At a time when we constantly speak about the threat of extinction that several species faces across the globe, one bird species has beaten all odds to return from extinction in the wild. Let’s find out more about this remarkable conservation story.

When Kin-Japanese for gold died in 2003 aged 36, not a single wild-born Japanese crested ibis was left in the country. Known as toki, there was little hope for a species that was synonymous with Japan.

Wild toki once lived across Japan, as well as in Russia, Taiwan, and South Korea. Toki meat was presumed to have health benefits, and the bird’s feathers were used in everything from dusters to hats. Which meant, the bird was hunted mindlessly. Inevitably, by the early 20th Century, only a few dozen birds remained in Japan most of them on Sado island and the nearby Noto peninsula. At this juncture, the species won protected status. Just when things appeared to get better for the species came chemical fertilizers and For birds that fed primarily on paddy, this spelled disaster, and “by 1981 just five wild toki remained in Japan, all on Sado, where officials took them into protective captivity”. In a case of strange coincidence, the same year, as many as seven of these birds were discovered in the wild in China. While Japan’s captive breeding programme wasn’t exactly successful, China’s was. In fact the latter gifted two of its birds to the former in 1998. The following year, the couple reached Japan, within months had their first chick, and made national headlines.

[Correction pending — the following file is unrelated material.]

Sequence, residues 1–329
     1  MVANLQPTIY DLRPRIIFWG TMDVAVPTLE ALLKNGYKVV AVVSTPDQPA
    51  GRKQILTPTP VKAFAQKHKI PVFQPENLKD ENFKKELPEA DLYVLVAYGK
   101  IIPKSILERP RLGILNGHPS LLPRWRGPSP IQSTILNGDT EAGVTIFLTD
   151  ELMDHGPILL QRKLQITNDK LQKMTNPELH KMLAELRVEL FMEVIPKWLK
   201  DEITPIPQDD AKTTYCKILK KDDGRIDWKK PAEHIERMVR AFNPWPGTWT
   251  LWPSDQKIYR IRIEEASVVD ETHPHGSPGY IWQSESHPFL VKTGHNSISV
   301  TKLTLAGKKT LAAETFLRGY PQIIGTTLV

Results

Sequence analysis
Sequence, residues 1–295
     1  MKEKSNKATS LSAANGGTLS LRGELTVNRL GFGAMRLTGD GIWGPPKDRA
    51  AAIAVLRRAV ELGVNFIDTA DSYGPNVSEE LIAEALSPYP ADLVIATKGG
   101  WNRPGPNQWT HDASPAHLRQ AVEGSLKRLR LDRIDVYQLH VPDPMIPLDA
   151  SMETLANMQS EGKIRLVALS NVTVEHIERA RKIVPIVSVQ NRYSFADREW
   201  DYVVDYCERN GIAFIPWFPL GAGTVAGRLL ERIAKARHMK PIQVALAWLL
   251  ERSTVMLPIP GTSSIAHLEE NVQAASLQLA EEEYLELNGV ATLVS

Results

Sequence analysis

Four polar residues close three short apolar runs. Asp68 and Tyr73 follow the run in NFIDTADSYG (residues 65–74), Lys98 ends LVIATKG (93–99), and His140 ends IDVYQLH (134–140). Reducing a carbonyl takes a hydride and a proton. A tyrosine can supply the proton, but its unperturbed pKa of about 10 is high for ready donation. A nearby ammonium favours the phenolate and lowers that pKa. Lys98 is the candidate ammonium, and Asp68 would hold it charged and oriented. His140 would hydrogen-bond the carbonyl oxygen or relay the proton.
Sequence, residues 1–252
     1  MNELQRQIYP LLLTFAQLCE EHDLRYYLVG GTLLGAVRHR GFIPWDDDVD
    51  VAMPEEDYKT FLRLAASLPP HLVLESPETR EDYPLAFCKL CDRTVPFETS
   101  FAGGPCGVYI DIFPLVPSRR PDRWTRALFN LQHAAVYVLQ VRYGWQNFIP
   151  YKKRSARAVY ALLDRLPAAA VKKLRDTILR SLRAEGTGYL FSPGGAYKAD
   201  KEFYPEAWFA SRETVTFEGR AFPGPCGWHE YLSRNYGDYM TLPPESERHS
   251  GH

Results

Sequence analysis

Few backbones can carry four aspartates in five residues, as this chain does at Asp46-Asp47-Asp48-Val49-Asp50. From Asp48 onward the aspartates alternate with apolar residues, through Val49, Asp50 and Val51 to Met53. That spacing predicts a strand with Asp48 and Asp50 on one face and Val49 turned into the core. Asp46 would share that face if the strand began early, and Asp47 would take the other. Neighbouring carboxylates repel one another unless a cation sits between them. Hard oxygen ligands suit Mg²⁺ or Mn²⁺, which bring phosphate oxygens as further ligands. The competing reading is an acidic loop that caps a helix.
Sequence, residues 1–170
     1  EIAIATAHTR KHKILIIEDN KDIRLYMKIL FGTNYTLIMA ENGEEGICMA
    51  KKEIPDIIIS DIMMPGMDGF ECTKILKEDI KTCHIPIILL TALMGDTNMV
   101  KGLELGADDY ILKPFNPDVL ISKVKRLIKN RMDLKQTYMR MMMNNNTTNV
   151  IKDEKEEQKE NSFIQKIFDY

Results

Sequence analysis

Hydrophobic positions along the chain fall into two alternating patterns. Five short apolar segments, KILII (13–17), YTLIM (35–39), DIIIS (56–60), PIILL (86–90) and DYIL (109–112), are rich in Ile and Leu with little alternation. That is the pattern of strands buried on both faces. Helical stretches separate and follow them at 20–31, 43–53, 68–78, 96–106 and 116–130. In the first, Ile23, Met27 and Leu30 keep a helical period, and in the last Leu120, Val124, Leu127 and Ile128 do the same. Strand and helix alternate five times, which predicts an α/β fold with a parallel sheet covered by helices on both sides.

Gradually over two decades, their population grew enough for Sado to consider releasing them into the wild. Today, there are about 500 wild birds, drawing tourists to their delicate pink plumage and distinctive curved beak. Meanwhile, “China’s wild population now numbers over 4,450, and a South Korean project released 40 toki for the first time in 2019”.

Picture Credit : Google 

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